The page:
It’s been more than two years since the mass shootings at Sandy Hook Elementary in Newtown, Connecticut. But gun-control efforts sparked by the school shooting are still very much underway in Vermont. And some key Vermont senators are about to introduce what will become one of the most controversial bills of the 2015 legislative session.
Legislation calling for more, and stricter, background checks will be the most concerted push in recent memory for changes to Vermont’s gun laws. Backing the effort are some very key players, including Senate President John Campbell, Senate Majority Leader Philip Baruth, and Assistant Majority Leader Claire Ayer.
The bill’s goal is hard to argue with – keep guns out of the hands of people who would use them to harm themselves or others. But the means by which gun control advocates will aim to accomplish that goal likely won’t sit well with guardians of the Second Amendment.
Evan Hughes is a lobbyist for the Vermont Federation of Sportsmen’s Clubs, one of several politically influential groups that have opposed gun control measures in the past. Hughes says he’ll withhold comment on specific provisions in the bill until he sees the final product, which will be unveiled Wednesday.
“Vermont continuously is one of the very lowest crime rate states in the nation. We have one of the best states on gun safety. ATF figures show we are not a major source of guns going to other states. And we just see this ... addressing a problem that doesn’t exist. It's actually a solution in search of a problem,” Hughes says.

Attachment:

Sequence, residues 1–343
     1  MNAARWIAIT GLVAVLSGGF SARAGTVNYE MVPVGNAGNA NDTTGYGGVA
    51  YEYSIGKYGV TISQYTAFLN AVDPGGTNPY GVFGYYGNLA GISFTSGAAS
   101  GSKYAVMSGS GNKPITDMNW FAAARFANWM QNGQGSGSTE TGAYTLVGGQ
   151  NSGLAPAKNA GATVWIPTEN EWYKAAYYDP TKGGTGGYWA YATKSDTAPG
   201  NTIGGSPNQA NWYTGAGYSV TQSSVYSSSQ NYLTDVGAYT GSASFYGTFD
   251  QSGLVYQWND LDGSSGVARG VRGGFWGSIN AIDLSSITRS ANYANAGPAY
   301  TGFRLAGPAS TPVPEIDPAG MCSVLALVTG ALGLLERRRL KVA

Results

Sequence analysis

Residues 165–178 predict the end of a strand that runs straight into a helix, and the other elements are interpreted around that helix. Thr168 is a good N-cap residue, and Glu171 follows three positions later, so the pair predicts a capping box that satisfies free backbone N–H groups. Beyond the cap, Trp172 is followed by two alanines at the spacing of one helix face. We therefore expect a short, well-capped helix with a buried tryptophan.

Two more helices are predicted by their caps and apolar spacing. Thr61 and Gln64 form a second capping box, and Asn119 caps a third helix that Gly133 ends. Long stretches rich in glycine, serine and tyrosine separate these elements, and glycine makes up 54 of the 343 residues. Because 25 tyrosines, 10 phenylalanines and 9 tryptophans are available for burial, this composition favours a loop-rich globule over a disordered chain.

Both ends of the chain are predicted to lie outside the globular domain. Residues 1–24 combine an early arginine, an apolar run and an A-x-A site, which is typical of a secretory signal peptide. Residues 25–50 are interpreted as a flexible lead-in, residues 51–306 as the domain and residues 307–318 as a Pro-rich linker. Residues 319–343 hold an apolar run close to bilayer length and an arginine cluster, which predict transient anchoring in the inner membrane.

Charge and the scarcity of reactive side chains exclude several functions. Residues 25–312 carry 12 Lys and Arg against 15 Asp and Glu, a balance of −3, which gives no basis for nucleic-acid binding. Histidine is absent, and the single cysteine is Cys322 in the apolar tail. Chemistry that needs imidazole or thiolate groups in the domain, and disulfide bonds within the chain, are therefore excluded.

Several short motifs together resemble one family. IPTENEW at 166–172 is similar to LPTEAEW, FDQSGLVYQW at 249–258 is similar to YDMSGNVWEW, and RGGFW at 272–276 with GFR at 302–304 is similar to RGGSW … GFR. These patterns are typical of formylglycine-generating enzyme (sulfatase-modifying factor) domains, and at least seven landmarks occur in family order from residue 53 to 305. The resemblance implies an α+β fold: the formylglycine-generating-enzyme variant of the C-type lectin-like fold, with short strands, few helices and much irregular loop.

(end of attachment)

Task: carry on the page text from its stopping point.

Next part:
Baruth says he’s well aware of the intensity of the opposition the bill will likely face from the Vermont Sportsmen, the National Rifle Association and others. But the Chittenden County Democrat says it’s long past time for the state to take some “common-sense” measures, such as requiring Vermont courts to file in a national database the names of people it has found to be danger to themselves or others.
The names of those people – they would go into what’s known as the National Instant Criminal Background Check System – would then be red-flagged when they try to purchase a gun from any transaction that uses the NICS database.
“And that’s one of the common denominators in these sorts of mass shootings, people who have been often adjudicated to be a danger to themselves or their communities somehow still get their hands on weapons,” Baruth says. “So one of the ideas behind this bill is to try to prevent that specific segment of person from coming up with a weapon.”
A group called GunSense Vermont is leading the effort in Montpelier for new gun laws. That group’s singular focus is on mandating universal background checks for most all gun sales. The group’s founder, Ann Braden, says that means requiring background checks for sales at gun shows and on the Internet, which don't currently fall under background check laws.
“The laws that we have currently in Vermont are some of the weakest in the nation. They’re leftover from an age gone by before there was an Internet, before there was an interstate. And because of that there’s this dangerous loophole that hasn’t been closed yet,” Braden says.
Baruth says the legislation being introduced this week will attempt to broaden the scope of transactions that are subject to background checks, though he says precisely which sales will require those checks is still being worked on.
Chris Bradley, the president of the Vermont Federation of Sportsmen, says efforts to expand oversight of legal gun transactions are more likely to create headaches for law-abiding citizens than to keep firearms out of the hands of criminals.
“And what we’re really talking about, cutting right to the chase with a universal background check, is a feel good law that only law-abiding citizens are going to honor,” Bradley says.
The bill would also make it illegal under state law for a person convicted to a violent offense to possess a firearm.